The Deer Hunter

February 23rd, 1979

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The Deer Hunter

The Deer HunterStill of Meryl Streep in The Deer HunterStill of Robert De Niro in The Deer HunterStill of Robert De Niro and Christopher Walken in The Deer HunterStill of Robert De Niro and Meryl Streep in The Deer HunterStill of Robert De Niro in The Deer Hunter

An in-depth examination of the way that the Vietnam war affects the lives of people in a small industrial town in the USA.

Release Year: 1978

Rating: 8.2/10 (118,480 voted)

Critic's Score: 73/100

Director: Michael Cimino

Stars: Robert De Niro, Christopher Walken, John Cazale

Michael, Steven and Nick are young factory workers from Pennsylvania who enlist into the Army to fight in Vietnam. Before they go, Steven marries the pregnant Angela and their wedding-party is also the men's farewell party. After some time and many horrors the three friends fall in the hands of the Vietcong and are brought to a prison camp in which they are forced to play Russian roulette against each other. Michael makes it possible for them to escape, but they soon get separated again.

Writers: Michael Cimino, Deric Washburn

Robert De Niro - Michael
John Cazale - Stan
John Savage - Steven
Christopher Walken - Nick
Meryl Streep - Linda
George Dzundza - John
Chuck Aspegren - Axel
Shirley Stoler - Steven's Mother
Rutanya Alda - Angela
Pierre Segui - Julien
Mady Kaplan - Axel's Girl
Amy Wright - Bridesmaid
Mary Ann Haenel - Stan's Girl
Richard Kuss - Linda's Father
Joe Grifasi - Bandleader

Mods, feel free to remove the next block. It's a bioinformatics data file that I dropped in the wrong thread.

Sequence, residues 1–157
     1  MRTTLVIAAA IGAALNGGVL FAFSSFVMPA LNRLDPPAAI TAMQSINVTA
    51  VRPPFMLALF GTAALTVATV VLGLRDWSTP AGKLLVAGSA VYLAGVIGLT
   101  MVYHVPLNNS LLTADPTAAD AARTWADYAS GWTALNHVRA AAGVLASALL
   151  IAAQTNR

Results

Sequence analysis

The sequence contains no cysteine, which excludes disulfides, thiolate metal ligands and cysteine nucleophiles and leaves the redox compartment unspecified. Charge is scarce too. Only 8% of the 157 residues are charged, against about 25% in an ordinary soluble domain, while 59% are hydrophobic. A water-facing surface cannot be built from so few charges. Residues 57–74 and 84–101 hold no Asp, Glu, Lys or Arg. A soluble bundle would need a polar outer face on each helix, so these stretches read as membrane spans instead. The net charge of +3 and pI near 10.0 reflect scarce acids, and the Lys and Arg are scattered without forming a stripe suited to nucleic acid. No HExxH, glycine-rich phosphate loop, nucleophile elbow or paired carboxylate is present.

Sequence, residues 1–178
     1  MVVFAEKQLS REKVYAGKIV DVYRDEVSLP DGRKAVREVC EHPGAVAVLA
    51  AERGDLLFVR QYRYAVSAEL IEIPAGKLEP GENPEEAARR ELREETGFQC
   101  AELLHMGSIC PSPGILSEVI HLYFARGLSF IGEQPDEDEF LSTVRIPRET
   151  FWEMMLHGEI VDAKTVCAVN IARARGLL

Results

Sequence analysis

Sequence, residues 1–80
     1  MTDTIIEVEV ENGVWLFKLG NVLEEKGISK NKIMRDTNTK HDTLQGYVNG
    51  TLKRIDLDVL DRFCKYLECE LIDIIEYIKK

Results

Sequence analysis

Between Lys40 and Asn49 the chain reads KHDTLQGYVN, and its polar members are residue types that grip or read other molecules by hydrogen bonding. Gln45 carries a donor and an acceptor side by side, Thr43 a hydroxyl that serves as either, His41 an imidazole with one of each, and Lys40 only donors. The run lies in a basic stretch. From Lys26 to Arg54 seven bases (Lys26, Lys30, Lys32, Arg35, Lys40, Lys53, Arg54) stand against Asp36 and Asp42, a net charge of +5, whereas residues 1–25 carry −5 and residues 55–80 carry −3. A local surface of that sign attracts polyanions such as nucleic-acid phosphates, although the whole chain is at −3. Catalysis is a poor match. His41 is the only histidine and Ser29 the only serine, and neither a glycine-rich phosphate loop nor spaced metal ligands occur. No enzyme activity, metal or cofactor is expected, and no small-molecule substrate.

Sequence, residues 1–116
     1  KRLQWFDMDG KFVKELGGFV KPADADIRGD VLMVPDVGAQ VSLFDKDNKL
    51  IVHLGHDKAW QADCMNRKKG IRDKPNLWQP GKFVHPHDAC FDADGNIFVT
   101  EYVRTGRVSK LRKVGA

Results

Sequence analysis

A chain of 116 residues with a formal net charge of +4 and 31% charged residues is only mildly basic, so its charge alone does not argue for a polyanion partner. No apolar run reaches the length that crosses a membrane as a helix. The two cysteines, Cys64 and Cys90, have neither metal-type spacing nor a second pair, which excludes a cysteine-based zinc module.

Taglines: One of the most important and powerful films of all time!

Release Date: 23 February 1979

Filming Locations: 993 N. 7th Street, Steubenville, Ohio, USA

Box Office Details

Budget: $15,000,000 (estimated)

Gross: $50,000,000 (USA) (31 December 1982)

Technical Specs


Did You Know?

In the USA, theatrical posters contained the following warning at the bottom: "Warning: Due to the mature nature of this film, under 17 requires accompanying Parent or Adult guardian. (There will be strict adherence to this policy)"

Continuity: In the scene at the VFW hall where they are playing bingo, the guy calling out the numbers on the winning card calls B-15, but when the board comes into view showing the numbers that had been called, B-15 is not lit up.

[first lines]
Michael: Hey, watch out, Axel. We'll be calling him old fireballs after tonight.
Axel: Fuckin' A.
Michael: Not bad.

User Review

It's about character development

Rating: 10/10

A comment re the other comments: A lot of the comments criticize the first half hour as being too long. In my opinion, these comments miss the point of the movie.

Of course many of the scenes in the first hour don't advance the narrative. They're not supposed to; they're for character development.

The whole point of the movie is to show us how the various characters were affected by the war. It wouldn't have worked nearly as powerfully as it does had the first hour been trimmed down. We have to sense the careless and frat-boy-like immaturity of these young men. That's why the scenes all revolve around frivolity and seemingly senseless boyish behavior; it creates such a stark contrast to the devastated characters of the three who went to war (and the relatively unaffected personalities of those who stayed behind, like Stanley).

The strong points of the film are the outstanding performances of nearly every actor in the movie. Yes, there are technical deficiencies in the sound, but it hardly matters. This is nitpicking compared to the overall construction of the film.

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